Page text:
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What Have Cryptocurrencies Got to Do with Immigration?

The remittance market is growing again. A World Bank report says that remittances topped $596 billion in 2017, of which $450 billion was sent to developing nations. After two years of decline the market is recovering, fuelled by rising migration, particularly in Europe. The majority of this money is being sent across borders to families in places such as India, China, Mexico and Nigeria. As migration continues to shift globally, the trajectory of cross boarder remittances will continue to increase.

International money remittances historically were sent from an offline agent location domestically to an agent location internationally. However, this market has been consistently shifting online given the convenience and more competitive pricing. Instead of waiting in line on a Saturday morning at an agent location, consumers now send money from their phone or computer at a lower price.

Online international money remittances have traditionally been settled through the onboarding of funds in the home country, through automated clearing houses (ACHs) or debit/credit facilities, with offboarding of funds at local banks and/or retailers. In many countries, such as in the US, the company facilitating the transfer bears the risk of fraud, which can be very costly (retailers average ~100 basis points (BPS) of the total transaction value, for example).

Hence, the cost of onboarding and offboarding funds to banks can be very expensive for remittance companies. If you think about how a transaction works, someone enters their debit card information online and initiates a transaction from a bank. This instruction goes to a remittances company, which in turn sends the money to a local bank or retail institution for the recipient in another country. There is a cost from the bank to onboard funds, a fraud cost and a cost to offboard the funds to the local bank, which the money remittance company owns. There is cost and risk at all points along the chain.

Crypto currencies have the potential to significantly reduce the costs for the companies moving money internationally and also pass savings and convenience onto consumers. The costs (onboarding, fraud and offboarding) become significantly less while the consumers have the convenience of sending money instantly from their device.

Challenges

Companies that utilize crypto currencies will need to continue to get better at the off and onboarding of funds into other more regularly used fiat currencies. The onboarding and off boarding of crypto currencies is not any different, in terms of fraud costs than fiat currencies, in that the risk of loss is with the company.

We saw when there was a large increase in volume back in December, some crypto currency companies that broker these transactions had some latency issues with settling funds in other currencies. They couldn’t keep up with demand. Ultimately, this latency issues needs to addressed or people will lose confidence in using crypto currencies. The cost savings really come from the transactions occurring within crypto currencies.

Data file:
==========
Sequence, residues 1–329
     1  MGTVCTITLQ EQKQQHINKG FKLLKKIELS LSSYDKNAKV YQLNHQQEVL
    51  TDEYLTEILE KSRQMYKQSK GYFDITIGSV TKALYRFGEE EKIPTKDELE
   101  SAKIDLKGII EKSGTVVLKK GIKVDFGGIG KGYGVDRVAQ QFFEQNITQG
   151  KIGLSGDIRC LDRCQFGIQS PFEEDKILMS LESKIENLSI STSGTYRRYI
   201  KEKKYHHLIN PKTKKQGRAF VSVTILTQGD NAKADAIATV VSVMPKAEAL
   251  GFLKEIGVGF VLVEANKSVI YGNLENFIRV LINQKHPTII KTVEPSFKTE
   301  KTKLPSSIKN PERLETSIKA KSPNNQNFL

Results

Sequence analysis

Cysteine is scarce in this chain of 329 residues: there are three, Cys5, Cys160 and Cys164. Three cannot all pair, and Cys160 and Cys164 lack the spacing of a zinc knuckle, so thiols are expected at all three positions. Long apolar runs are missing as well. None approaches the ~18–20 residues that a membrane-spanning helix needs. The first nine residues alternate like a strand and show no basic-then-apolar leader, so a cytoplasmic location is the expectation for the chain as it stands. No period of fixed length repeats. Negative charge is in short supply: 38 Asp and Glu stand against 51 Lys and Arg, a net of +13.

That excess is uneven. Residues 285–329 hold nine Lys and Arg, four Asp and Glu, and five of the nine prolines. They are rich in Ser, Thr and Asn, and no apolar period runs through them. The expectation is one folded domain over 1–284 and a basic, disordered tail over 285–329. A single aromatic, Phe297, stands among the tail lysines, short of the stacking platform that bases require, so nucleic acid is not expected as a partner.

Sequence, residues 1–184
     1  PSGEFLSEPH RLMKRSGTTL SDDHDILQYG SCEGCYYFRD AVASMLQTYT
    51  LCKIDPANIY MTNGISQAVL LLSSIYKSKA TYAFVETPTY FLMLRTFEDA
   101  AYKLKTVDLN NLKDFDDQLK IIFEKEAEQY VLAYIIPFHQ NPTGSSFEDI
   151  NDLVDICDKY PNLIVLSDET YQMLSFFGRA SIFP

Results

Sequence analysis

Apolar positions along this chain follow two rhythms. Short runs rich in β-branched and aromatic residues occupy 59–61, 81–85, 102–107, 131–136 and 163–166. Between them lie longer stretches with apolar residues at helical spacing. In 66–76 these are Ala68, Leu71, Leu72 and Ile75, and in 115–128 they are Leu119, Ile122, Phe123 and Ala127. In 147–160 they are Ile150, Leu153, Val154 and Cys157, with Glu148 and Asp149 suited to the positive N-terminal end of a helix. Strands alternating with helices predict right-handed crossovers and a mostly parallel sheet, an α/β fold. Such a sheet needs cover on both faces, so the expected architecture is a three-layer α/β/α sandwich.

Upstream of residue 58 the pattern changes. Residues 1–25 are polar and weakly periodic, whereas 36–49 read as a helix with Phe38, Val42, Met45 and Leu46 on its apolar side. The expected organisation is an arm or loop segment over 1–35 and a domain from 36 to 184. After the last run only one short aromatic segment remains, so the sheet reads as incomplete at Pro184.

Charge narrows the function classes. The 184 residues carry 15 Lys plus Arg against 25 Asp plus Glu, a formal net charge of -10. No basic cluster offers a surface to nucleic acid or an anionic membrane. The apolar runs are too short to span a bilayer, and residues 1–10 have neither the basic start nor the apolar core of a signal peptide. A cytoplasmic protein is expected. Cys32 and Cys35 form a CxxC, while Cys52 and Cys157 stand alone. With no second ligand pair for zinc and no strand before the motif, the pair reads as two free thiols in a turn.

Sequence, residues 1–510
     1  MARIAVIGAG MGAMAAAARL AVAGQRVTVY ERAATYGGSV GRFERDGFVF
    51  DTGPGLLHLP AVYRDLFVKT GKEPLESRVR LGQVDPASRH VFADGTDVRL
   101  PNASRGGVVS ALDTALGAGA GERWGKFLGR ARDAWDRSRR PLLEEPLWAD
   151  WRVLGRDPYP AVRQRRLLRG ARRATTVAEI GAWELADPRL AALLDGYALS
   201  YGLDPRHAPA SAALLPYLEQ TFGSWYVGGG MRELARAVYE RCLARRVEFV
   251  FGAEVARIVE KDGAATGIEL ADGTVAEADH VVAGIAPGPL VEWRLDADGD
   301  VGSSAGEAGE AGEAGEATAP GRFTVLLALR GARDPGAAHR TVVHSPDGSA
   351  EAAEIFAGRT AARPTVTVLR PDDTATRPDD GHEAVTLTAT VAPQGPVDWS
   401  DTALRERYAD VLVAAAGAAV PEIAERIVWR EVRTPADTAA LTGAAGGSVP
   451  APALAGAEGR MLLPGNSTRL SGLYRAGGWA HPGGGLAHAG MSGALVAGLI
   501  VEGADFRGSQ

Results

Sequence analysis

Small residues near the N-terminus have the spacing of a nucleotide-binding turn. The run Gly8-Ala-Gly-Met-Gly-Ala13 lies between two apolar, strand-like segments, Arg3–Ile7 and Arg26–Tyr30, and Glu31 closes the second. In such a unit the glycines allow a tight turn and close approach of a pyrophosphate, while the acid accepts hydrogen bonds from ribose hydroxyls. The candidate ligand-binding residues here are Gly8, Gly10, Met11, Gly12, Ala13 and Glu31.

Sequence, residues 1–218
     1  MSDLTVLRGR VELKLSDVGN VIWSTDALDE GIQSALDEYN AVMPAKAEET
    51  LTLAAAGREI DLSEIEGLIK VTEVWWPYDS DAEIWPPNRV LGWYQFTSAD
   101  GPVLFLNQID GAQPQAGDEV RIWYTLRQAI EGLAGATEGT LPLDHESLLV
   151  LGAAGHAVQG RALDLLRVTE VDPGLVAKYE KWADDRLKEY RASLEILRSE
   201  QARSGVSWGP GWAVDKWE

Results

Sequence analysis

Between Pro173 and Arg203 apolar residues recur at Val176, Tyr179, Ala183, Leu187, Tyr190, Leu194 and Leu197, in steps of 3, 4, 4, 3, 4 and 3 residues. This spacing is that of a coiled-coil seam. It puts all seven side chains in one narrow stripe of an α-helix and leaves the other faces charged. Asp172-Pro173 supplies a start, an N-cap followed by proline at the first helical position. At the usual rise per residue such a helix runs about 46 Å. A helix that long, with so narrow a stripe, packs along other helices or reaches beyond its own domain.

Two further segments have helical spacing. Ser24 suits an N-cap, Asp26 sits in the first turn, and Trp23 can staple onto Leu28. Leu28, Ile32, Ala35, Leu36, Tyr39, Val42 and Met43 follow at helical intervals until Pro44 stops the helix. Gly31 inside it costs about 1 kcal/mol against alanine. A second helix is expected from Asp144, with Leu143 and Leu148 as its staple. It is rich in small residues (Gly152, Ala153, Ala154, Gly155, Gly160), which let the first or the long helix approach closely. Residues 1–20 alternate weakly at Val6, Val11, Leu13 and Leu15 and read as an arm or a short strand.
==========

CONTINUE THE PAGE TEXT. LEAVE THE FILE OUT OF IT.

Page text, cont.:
One of the larger hurdles is to get consumers comfortable using crypto currencies. It has been a long process to shift consumers from using offline to online facilities over the past 20 years, so this is another leap. We should anticipate that crypto currencies will likely follow a similar trajectory of adoption given the uncertainty of how they work.

Companies will likely need to provide some sort of assurance or guarantee that if the crypto currency being used is fraudulent, stolen or lost, the consumer won’t be out of money. In the U.S., for example, the risk of fraud is with the remittance company. However, crypto currencies don’t have the same regulatory requirements as US dollars. To get consumers comfortable with using crypto currencies, a money back guarantee is needed requiring companies to have strong tools to ensure they can send and receive currency without the risk of fraud.

Outlook

In the short term, the more volatile the currency, the less likely consumers and businesses will feel comfortable using crypto currencies for money remittances. The dramatic price fluctuations may have drawn in short-term investors; but, it also increased scepticism. Can these currencies be a stable currency to use as a medium of exchange? If fears continue that crypto currencies will have large swings in value, businesses and individuals will continue to use more stable, traditional currencies. Cryptocurrencies will need more liquidity and less volatility over the long term to be used more regularly as a medium of exchange.

There has been an emphasis on the short-term bubble in cryptoo currencies; but, people often forget about the long-term viability. In 1999, we had an internet/technology bubble. Almost twenty years later many of the technologies or companies that survived (e.g. Amazon, Paypal) are now valued significantly more, making great returns for the employees and shareholders. 1999 was too early for some of these companies to grow as fast as expected given the consumer adoption curve of the internet was still new.

The pattern is similar for crypto currencies and for the moment at least there are still significant risks. In the long term, however, it is realistic to believe they will be used to transact in the money remittances markets, in addition to other areas of the economy. Companies still need to solve similar problems for their consumers when onboarding and offboarding crypto currencies to fiat currencies, however, overall the costs for consumers and business will be less allowing for more seamless and cost-effective transactions.

The post What Have Cryptocurrencies Got to Do with Immigration? appeared first on Home Business Magazine.

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